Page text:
Resoundingly no if this is a primary method of instruction—by now, most of us agree that overuse of worksheets is problematic for a variety of reasons: They’re task-oriented, teach only rote skills, are empty of educational value, are solitary, are “busywork.” More than this—they can shift students’ view of learning from positive to negative if used too often. I saw this firsthand during one of my sons’ 3rd grade year, where worksheets were a persistent classroom presence and came home in droves. He dreaded school that year and complained about going almost every single day. Why? He wasn’t engaged.

But say those worksheets that students are busily completing are recording sheets to draw or narrate their observations following watching a live chick hatching? Or perhaps students are generating their own questions for self-assessment following working in groups that have researched different sea life? Or possibly developing a graphic organizer or planning sheet to help them map out their own short story after taking turns reading A Very Old Man with Enormous Wings (Gabriel Garcia Marquez) aloud? All of these things shift the level of engagement by involving the students in active ways, requiring some form of self-expression and student voice, and facilitating learning with others as part of the larger learning experience.

When students are interested in and motivated by their own learning, we rarely have to ask if they are engaged. We can observe their investment, their curiosity, and importantly—their tenacity. When students are engaged, they are more willing to take risks as learners and work through frustration with challenging tasks.

There’s no static recipe for developing student engagement, but recruiting students’ interest is a great place to start. Here are three suggestions to try out:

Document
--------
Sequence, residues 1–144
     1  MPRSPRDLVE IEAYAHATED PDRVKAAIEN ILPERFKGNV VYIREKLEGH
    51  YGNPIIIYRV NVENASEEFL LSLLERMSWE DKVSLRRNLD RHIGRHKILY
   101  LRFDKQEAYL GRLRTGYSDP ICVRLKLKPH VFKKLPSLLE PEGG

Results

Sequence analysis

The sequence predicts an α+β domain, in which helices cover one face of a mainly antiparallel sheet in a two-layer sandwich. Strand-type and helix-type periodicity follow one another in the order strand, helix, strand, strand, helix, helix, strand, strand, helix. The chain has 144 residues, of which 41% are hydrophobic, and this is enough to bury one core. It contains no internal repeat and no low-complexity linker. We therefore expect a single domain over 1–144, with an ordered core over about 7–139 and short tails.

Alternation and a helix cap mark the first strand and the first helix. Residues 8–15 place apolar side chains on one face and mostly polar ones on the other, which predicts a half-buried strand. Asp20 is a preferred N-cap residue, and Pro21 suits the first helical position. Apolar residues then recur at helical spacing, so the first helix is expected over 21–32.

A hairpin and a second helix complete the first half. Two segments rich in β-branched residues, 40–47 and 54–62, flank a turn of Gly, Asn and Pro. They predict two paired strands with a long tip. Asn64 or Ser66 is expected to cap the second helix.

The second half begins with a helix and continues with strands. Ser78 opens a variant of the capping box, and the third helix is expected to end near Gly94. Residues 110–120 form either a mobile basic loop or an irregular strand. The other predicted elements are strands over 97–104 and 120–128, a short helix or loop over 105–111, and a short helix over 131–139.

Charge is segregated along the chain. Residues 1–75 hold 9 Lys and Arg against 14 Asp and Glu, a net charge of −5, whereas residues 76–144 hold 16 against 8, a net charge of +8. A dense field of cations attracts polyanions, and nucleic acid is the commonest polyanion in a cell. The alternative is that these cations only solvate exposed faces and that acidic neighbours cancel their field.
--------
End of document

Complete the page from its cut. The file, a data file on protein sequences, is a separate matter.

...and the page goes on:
Try project-based learning. Acquiring knowledge through an extended investigation of an “authentic, engaging, and complex question, problem, or challenge”? Yes, please! For example, a colleague who teaches high school recently described a project he co-taught to address a science, tech, arts, engineering, and mathematics (STEAM) standard but which crossed the history curriculum as well. Students built their own trebuchets, a medieval weapon from the Middle Ages, to teach about interactive components, energy, hydraulics, physics, and history. Using easily obtained materials like wood, pencils, popsicle sticks, rubber bands, syringes, plastic tubing, water, and glue, students became entranced with their own engineering design project, effectively bringing the curriculum to life.

Engage the arts. Not all students may embrace the arts, but there’s a place in an arts-based approach for every student. For example, rich learning can occur naturally from learning, singing, and analyzing the 19th-century songs of the Underground Railway, which were used to signal escape routes, providing directions or maps cues and self-expression during a time of brutal restriction. Importantly, there is evidence that arts integration (i.e., linking the arts to the academic curriculum) can help to improve student achievement and has relevance to the provisions of ESSA.

Give students a voice. Creating a classroom space where students have real opportunities to help co-construct their learning, make meaningful choices, express personal opinions that carry influence in the classroom, and enjoy shared decisionmaking will lead to authentic student engagement. These are the ideals of democratic education, an approach which celebrates students as active participants in their learning. Teaching students with these ideals assumes education is the premise for a strong democracy—that a main purpose of education is to help prepare citizens who will contribute to and help perpetuate a democratic society. In a democratic classroom, teachers design inclusive, equitable, and authentic academic experiences that incorporate student voices and interests, positioning the classroom as a shared democratic space where diversity and individuality can be learned and better understood. Engaging students using democratic ideals can also reframe deficit-based discourse about diverse learners by positioning all students as equals and shift classrooms toward a more socially just orientation of education.

Thanks to Kathy, Sarah, Samantha, Cathy, Danny, Beth, Madeline, and Elizabeth for their contributions.

Please feel free to leave a comment with your reactions to the topic or directly to anything that has been said in this post.

Consider contributing a question to be answered in a future post. You can send one to me at lferlazzo@epe.org. When you send it in, let me know if I can use your real name if it’s selected or if you’d prefer remaining anonymous and have a pseudonym in mind.

You can also contact me on Twitter at @Larryferlazzo.

Education Week has published a collection of posts from this blog, along with new material, in an e-book form. It’s titled Classroom Management Q&As: Expert Strategies for Teaching.